Brisbane remains ripe for property investment

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Brisbane remains ripe for property investment

Investing in Brisbane


Over the past two years, residential market conditions in Brisbane have been improving with lifts in both demand and median values. Despite this growth, the market remains affordable and is currently ranked as the second most affordable market for attached dwellings and the third most affordable market for detached dwellings of all Australian capital cities. Many suburbs located around growth corridors and within close proximity of infrastructure investment are currently considered undervalued, particularly within the 5km to 10km ring.



  • Continued growth in Queensland across all areas of the economy
  • Major public and private infrastructure investment continues
  • Growth in demand for median valued residential property
  • Brisbane remains country’s most affordable capital city market for attached dwellings and third most affordable for attached dwellings.
  • Many suburbs in close proximity of infrastructure investment under-valued
  • Increased population driving demand for dwellings
  • Brisbane City Plan 2014 encourages diversity of dwellings and innovative solutions in key growth nodes and along transport corridors.


Employment, population and economic growth across Queensland’s capital city continues at record levels. Commensurate with this growth is a multi-billion dollar program of infrastructure projects – either under construction or in the planning stage. These have been put in place to cater to the long-term growth of Brisbane’s population and economy.

From 2009-2013 Queensland accounted for the highest increases in net interstate migration of all Australian states and territories. This was principally driven by outflows from New South Wales. However, with increasing employment opportunities and relative affordability throughout the state’s housing market, outflow from Victoria is projected to once again be a strong contributor to the state’s population growth.

Leading economist, BIS Shrapnel, projects that over the coming years, Queensland will continue to lead the nation in terms of attracting new interstate migrants.

Brisbane is projected to have a resident population of 3.9 million by 2056 (representing a total growth of 1.9 million people). This increase in population, driven by the city’s rate of jobs growth, is translating into improved levels of demand for residential dwellings throughout the city.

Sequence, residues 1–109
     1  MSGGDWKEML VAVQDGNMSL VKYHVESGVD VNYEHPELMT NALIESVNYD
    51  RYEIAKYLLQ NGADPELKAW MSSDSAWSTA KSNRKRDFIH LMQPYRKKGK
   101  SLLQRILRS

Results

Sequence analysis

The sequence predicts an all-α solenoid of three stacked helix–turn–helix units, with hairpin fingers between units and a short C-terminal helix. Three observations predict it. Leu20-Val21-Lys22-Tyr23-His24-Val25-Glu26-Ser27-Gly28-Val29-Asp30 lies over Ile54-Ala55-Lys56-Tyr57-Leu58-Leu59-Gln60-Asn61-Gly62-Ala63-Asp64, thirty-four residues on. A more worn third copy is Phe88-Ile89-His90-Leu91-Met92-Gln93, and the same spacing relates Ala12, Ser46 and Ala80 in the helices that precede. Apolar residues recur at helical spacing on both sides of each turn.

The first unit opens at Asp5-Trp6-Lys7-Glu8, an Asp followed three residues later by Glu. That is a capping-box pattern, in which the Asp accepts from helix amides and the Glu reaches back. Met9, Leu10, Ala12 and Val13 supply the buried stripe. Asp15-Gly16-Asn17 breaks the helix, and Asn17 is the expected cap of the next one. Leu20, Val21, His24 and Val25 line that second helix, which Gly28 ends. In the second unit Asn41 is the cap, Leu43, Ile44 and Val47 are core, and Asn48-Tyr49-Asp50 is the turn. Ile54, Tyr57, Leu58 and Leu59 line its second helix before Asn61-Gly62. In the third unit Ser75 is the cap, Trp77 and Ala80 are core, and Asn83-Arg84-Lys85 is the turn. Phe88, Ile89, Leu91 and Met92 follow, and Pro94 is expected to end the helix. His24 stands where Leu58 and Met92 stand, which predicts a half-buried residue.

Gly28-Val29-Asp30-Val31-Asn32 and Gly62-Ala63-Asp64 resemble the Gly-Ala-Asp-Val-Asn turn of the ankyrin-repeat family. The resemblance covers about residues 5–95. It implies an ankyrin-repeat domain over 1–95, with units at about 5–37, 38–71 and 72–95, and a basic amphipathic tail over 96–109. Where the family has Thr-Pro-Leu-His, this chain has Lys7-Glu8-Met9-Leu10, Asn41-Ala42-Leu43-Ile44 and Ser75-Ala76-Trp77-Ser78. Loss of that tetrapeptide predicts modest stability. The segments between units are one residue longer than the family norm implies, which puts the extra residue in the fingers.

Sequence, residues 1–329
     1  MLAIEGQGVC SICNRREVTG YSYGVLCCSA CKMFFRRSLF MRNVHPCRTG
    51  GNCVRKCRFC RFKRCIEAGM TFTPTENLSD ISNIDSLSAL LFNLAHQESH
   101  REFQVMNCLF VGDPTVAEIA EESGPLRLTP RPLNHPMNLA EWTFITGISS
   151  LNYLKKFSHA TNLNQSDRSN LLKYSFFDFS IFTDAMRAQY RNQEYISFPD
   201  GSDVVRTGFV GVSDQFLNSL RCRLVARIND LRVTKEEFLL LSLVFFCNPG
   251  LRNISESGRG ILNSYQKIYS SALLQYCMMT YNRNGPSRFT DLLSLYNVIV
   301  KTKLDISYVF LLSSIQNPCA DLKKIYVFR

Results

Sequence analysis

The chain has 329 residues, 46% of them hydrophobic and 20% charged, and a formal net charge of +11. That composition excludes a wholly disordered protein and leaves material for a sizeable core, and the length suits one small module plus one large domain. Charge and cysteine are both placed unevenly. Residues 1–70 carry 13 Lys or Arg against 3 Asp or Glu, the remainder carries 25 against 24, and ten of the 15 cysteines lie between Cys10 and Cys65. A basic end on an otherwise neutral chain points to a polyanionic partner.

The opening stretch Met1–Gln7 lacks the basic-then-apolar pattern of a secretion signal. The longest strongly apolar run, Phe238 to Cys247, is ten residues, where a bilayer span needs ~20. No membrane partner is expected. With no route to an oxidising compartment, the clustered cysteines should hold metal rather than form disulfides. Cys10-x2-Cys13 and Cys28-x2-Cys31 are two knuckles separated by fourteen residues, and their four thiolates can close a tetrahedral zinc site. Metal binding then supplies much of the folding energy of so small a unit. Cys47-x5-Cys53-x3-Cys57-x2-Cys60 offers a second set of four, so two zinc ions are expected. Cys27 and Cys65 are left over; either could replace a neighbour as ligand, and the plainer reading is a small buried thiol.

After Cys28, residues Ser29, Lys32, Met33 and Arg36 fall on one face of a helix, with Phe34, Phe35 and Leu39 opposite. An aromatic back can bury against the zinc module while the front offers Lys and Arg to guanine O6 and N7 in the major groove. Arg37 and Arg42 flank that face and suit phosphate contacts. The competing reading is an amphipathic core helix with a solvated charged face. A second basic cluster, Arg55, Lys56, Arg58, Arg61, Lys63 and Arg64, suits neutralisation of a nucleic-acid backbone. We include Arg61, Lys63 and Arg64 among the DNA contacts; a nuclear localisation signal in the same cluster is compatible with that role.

Brisbane’s economy is currently undergoing an expansionary phase which is underpinned by jobs growth, public and private infrastructure investment and increases in construction activity in both the residential and non residential sectors. The city’s jobs market is growing at more than twice the rate of population growth and, over the past decade, has sustained the fastest employment growth of all Australian capital cities.

Additionally, Brisbane exhibits the highest share of full-time jobs of all capital cities.

Ten billion has been invested in four major infrastructure projects between 2010 and 2012 which are now complete, with an additional $8.45 billion being committed for the delivery of a further four major infrastructure projects:

  • Legacy Way Tunnel ($1.5 billion) due for completion in 2015;
  • $650 million Kingsford Smith Drive Upgrade, due for completion in 2017;
  • Brisbane Airport Parallel Runway, due for completion in 2020 at a cost of $1.3 billion;
  • The landmark $5 billion Underground Bus and Train (BaT) which will be completed in 2021. (The new Queensland Labour Government’s intention to complete this is looking unlikely now and will probably be replaced by their Cross River Rail project.)

This level of investment in infrastructure has, and continues to ease congestion, improve access and open up new areas to house the future population.

The Brisbane City Plan 2014 – which came into effect on 30 June 2014 – provides the most strategic plan to date for managing the city’s growth. The plan lays down a number of new policies relative to residential development which ensure a greater diversity of dwellings across the city, together with innovative solutions to cater to demand for dwellings in key growth nodes and along transport corridors. These innovative planning principals, which are now in their absolute infancy, have created some compelling investment propositions for astute investors.



Added infrastructure will further enhance the attractiveness of Brisbane city, drawing in both owner-occupiers and investors. Although the entire region will benefit, some suburbs will benefit more than others with an increase in people wanting to live in areas adjacent new infrastructure (planned or underway), driving up prices and rental growth.



A balanced market of investors and owner-occupiers fuelling growth is critical to managing investment risk – that is, we want infrastructure fuelled by population migration to drive prices, not investor speculation as is the case in mining towns. What Brisbane is currently showing is a healthy balance of investor to owner occupier transactions whereas some parts of Sydney and Melbourne are not. For Sydney the risk is that once investors leave the market, the buoyancy disappears. Brisbane on the other hand has perfect balance, hence lower risk which is why our focus is currently within this market.